In God’s Hands

When Richard received the call at Bellevue Baptist and heard of his wife’s accident, his worst thought was that she’d broken her arm or leg.  There was no additional detail, but he made enough haste to Regional One Health Medical Center approximately 18 miles away.

At the scene, bewildered bystanders moved Paulette from the sidewalk to the front of the convenience store until an ambulance arrived.  Clearly injured in multiple areas, she lay unconscious with serious head trauma but she was alive.  Upon her arrival at “The Med” as it’s called, she immediately became the top priority patient, so severe was her condition.  As Richard arrived, Paulette had already been taken in for major surgery due to swelling on her brain.  

While he waited, unnerved and in shock, he prayed, “Lord she’s in Your hands.  She’s Your child.  She belongs to You more than she does to me.”  After surviving all that had come before, how could she survive this?

Surgery and Recovery

Seven and a half hours later, surgeons informed the family that due to a blood clot pressing on her skull, they were forced to remove a plate of it which they would store to be reinserted later.  Additionally, at least ten percent of her lower temporal lobe was removed due to damage beyond repair.  The temporal lobe is responsible for long term memory, language comprehension, and naming and identifying objects.  The prognosis?  She would most likely remain in a vegetative state, if she survived, for the rest of her life.  

In recovery, Paulette looked to be the patient of Dr. Frankenstein.  She was on a ventilator, and so many machines lined the room that you could hardly navigate around it.  She had bolts holding her skull in place, and her brain continued to bleed.

The Glasgow Coma Scale

There is something called the Glasgow Coma Scale.  In essence, the scale is used to measure the brain activity of a patient after head trauma or recovering from a coma by using a point system in three categories:  Eye-Opening Response, Verbal Response, and Motor Response.  Patients are assessed as having a severe, moderate, or mild brain injury based on a 15 point scale.  Anything less than an 8 is considered severe.  Doctors told Richard that Paulette was a 4 going down to a 3.  There wasn’t much encouragement.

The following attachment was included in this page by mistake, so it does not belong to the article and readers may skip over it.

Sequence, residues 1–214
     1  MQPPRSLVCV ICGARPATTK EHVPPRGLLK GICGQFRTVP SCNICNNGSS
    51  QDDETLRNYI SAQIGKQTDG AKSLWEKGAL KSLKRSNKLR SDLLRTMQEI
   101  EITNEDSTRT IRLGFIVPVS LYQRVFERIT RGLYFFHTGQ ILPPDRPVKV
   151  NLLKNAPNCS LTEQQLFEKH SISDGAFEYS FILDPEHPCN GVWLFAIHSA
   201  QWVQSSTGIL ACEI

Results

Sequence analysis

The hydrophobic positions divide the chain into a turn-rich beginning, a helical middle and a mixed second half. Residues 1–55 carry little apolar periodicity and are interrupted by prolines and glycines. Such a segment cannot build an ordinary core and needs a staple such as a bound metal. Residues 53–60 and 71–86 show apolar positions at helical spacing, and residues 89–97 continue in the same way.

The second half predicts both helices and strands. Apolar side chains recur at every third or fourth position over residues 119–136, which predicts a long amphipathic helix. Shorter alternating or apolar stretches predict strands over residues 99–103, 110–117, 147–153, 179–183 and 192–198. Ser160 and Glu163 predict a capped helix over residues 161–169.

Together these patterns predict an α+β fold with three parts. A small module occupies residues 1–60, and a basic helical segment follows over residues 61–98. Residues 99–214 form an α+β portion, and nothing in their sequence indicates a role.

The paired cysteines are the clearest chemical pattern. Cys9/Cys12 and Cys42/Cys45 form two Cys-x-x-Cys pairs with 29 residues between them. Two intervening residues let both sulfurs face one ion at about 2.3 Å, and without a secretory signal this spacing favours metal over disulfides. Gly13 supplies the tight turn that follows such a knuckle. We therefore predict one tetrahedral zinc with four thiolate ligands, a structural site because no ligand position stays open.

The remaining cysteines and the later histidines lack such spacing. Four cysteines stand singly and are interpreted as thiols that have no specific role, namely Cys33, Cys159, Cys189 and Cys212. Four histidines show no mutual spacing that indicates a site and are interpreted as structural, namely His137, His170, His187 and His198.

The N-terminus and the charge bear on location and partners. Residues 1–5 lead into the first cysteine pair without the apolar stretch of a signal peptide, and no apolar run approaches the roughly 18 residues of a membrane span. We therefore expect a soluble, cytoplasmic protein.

Her prior illnesses had prompted Paulette to sign a DNR (Do Not Resuscitate) in the event of her untimely death.  But despite all of her injuries, including a broken collar bone, cracked pelvis, and a broken little toe, Paulette was not on life support, and so the DNR was never activated,  So, she lay, and Richard prayed, and the family anguished, but no one knew what each moment held for her, and only a miracle would suffice.

Miracle or Phenomenon

Most of us will never live through a trauma such as this with a loved one to know and understand the impact of every moment of waiting in the unknown.  As machines whirred noisily around him, and nursing staff mechanically came and went, the room must have felt like a revolving scene at hurricane speed with Richard and Paulette in an eerie standstill at its eye.  Doctors were constantly monitoring for responses and reactions to stimuli with low expectations and limited progress, that is unless Richard was in the room.

When Richard would enter the room with his big personality and booming voice, Paulette’s eyes would begin to move in his direction and her fingers would twitch.  For her initial doctor, a pronounced Atheist,  this behavior was unprecedented.  He called it a medical phenomenon.  Richard believed it to be a miracle.  Within 5 weeks, Paulette could breathe without the ventilator and gradually she moved out of trauma into ICU.

Your Will

Still, the entirety of Paulette’s situation remained dark.  Missing a section of her skull plate on the right side of her head, her deformed face held infected and unfocused eyes.  Bruised and swollen, “[She] was a horrible sight to see.”  During this time, Richard would cry and weep and pray to God the commitment, “Lord if it’s Your will.  It’s Your will.”  In life or death, Richard would accept the fate that God had intended for the love of his life and best friend, Paulette.